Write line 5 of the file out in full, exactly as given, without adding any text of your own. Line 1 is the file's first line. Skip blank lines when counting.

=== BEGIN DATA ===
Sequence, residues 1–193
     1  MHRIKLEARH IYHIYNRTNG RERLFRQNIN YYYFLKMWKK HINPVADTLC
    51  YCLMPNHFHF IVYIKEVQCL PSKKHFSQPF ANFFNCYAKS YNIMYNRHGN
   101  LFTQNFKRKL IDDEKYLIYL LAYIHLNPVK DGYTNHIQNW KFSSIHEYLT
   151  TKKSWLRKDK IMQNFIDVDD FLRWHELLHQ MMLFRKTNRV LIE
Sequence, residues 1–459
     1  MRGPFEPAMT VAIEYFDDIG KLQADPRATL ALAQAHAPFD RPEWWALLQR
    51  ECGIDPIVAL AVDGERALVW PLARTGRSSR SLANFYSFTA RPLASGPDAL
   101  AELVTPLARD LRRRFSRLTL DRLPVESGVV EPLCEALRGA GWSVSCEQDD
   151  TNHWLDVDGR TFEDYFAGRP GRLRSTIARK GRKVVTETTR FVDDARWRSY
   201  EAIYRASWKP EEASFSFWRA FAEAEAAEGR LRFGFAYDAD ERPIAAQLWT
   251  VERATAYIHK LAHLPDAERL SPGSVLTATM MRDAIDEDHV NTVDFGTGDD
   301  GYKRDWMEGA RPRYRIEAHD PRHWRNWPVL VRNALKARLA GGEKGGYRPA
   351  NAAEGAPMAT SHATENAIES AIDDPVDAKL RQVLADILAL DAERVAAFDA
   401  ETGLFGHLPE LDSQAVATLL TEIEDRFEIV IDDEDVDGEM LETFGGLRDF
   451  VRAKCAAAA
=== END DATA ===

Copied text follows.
   151  TKKSWLRKDK IMQNFIDVDD FLRWHELLHQ MMLFRKTNRV LIE